Who wouldn't want these beauties in the garden? Both are in the poppy family Papaveraceae.
The pink one is the opium poppy Papaver somniferum, whose green seed pods are the source of a white latex from which opium, morphine and heroin are derived. Historically opium has wrought havoc and wars have been fought over it. The properties of the plant had been known for a considerable time.... there is evidence of its cultivation in the Neolithic, 4000 years ago.
The 17th century saw the introduction of laudanum (tincture of opium ie dissolved in alcohol) to standard medical practice. Despite its highly addictive property, it was available without prescription up to the early 20th century! It was used as an analgesic, cough mixture, cure for diarrhoea, and relief of symptoms of cholera and meningitis. It was widely recommended to settle infants!
Although the species is the source of such powerful useful and destructive drugs, not all plants contain the alkaloids from which the drugs are made. As with most other crops, cultivars have been developed for special purposes, and most crop opium poppies are more correctly called breadseed poppies as the seeds are used in baking, curries and bird feeds, etc., and also produce a valuable oil which contains no opium.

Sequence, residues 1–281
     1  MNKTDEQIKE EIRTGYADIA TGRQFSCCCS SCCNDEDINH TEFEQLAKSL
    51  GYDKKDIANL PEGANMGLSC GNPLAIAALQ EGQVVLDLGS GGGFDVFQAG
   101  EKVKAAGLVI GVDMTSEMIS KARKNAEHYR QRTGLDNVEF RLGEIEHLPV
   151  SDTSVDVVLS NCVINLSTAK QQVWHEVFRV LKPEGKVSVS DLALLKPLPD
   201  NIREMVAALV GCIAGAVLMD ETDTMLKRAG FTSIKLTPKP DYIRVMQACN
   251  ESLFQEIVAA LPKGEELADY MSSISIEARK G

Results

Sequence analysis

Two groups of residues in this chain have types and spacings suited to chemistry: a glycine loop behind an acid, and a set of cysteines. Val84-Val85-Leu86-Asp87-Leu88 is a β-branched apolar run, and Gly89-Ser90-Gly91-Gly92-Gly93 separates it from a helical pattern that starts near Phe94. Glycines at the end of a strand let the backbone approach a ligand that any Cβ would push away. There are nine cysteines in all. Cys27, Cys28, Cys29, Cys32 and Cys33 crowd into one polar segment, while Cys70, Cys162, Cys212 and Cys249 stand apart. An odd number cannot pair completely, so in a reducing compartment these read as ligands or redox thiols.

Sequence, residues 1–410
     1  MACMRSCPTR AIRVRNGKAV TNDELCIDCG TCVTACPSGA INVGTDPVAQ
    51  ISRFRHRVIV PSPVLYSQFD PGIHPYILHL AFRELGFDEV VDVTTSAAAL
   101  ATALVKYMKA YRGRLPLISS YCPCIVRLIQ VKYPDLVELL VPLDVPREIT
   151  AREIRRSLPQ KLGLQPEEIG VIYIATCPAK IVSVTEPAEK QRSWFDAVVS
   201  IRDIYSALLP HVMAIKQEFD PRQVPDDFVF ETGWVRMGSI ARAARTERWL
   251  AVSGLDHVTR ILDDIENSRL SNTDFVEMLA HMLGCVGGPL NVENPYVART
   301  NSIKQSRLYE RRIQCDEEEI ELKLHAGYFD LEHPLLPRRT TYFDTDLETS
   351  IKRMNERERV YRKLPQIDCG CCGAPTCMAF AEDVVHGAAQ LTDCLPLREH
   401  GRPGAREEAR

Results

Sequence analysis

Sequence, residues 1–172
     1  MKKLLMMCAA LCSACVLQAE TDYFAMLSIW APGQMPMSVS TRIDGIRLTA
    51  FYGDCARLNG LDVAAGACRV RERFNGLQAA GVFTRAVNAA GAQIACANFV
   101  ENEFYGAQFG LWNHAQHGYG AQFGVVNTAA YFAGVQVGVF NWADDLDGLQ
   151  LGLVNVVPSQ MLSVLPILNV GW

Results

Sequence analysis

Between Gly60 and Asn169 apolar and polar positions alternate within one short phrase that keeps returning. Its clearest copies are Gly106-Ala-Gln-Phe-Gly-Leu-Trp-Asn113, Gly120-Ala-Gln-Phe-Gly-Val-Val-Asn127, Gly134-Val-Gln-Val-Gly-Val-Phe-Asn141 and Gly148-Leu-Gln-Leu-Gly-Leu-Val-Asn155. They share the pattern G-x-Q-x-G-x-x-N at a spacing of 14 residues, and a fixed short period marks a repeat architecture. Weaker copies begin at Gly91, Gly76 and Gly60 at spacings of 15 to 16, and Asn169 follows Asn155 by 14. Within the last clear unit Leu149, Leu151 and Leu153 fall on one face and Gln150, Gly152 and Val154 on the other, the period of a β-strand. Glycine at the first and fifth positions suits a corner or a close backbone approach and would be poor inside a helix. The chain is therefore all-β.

Tasmania is among the world's biggest producers of legal opioid resin for production of the painkillers morphine and codeine, and is therefore an important part of Australian agriculture.
Other cultivars were developed to produce two different alkaloids from which the drugs oxycodone and hydrocodone are made. Recently it has been realised that these two have made their way insidiously into society from prescription to drug trade, and are responsible for much addiction and numerous deaths worldwide.
The yellow flower is that of a weed, Argemone mexicana(Mexican poppy) which will feature in a future post. It is an example of the importance of our ability to identify weed seeds in crops.